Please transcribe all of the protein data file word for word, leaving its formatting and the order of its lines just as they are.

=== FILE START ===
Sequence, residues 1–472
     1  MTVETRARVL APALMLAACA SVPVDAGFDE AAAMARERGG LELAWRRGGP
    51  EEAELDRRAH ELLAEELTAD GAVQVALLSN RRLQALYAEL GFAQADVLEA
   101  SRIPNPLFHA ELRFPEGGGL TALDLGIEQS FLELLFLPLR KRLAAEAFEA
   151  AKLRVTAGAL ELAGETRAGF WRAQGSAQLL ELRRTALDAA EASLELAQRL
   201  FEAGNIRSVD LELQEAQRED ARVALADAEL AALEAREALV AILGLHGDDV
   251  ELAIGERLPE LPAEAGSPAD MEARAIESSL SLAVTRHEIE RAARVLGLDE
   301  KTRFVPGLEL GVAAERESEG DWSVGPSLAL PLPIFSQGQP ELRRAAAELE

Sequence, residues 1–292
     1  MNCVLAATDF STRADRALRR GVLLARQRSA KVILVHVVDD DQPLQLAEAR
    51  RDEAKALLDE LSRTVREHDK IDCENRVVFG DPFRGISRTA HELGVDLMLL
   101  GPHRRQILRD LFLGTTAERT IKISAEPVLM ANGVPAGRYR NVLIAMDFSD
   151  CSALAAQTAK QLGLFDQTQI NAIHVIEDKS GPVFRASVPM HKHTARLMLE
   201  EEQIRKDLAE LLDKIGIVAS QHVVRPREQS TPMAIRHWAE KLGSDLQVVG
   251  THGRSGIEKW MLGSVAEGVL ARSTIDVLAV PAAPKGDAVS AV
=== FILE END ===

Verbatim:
Sequence, residues 1–472
     1  MTVETRARVL APALMLAACA SVPVDAGFDE AAAMARERGG LELAWRRGGP
    51  EEAELDRRAH ELLAEELTAD GAVQVALLSN RRLQALYAEL GFAQADVLEA
   101  SRIPNPLFHA ELRFPEGGGL TALDLGIEQS FLELLFLPLR KRLAAEAFEA
   151  AKLRVTAGAL ELAGETRAGF WRAQGSAQLL ELRRTALDAA EASLELAQRL
   201  FEAGNIRSVD LELQEAQRED ARVALADAEL AALEAREALV AILGLHGDDV
   251  ELAIGERLPE LPAEAGSPAD MEARAIESSL SLAVTRHEIE RAARVLGLDE
   301  KTRFVPGLEL GVAAERESEG DWSVGPSLAL PLPIFSQGQP ELRRAAAELE

Sequence, residues 1–292
     1  MNCVLAATDF STRADRALRR GVLLARQRSA KVILVHVVDD DQPLQLAEAR
    51  RDEAKALLDE LSRTVREHDK IDCENRVVFG DPFRGISRTA HELGVDLMLL
   101  GPHRRQILRD LFLGTTAERT IKISAEPVLM ANGVPAGRYR NVLIAMDFSD
   151  CSALAAQTAK QLGLFDQTQI NAIHVIEDKS GPVFRASVPM HKHTARLMLE
   201  EEQIRKDLAE LLDKIGIVAS QHVVRPREQS TPMAIRHWAE KLGSDLQVVG
   251  THGRSGIEKW MLGSVAEGVL ARSTIDVLAV PAAPKGDAVS AV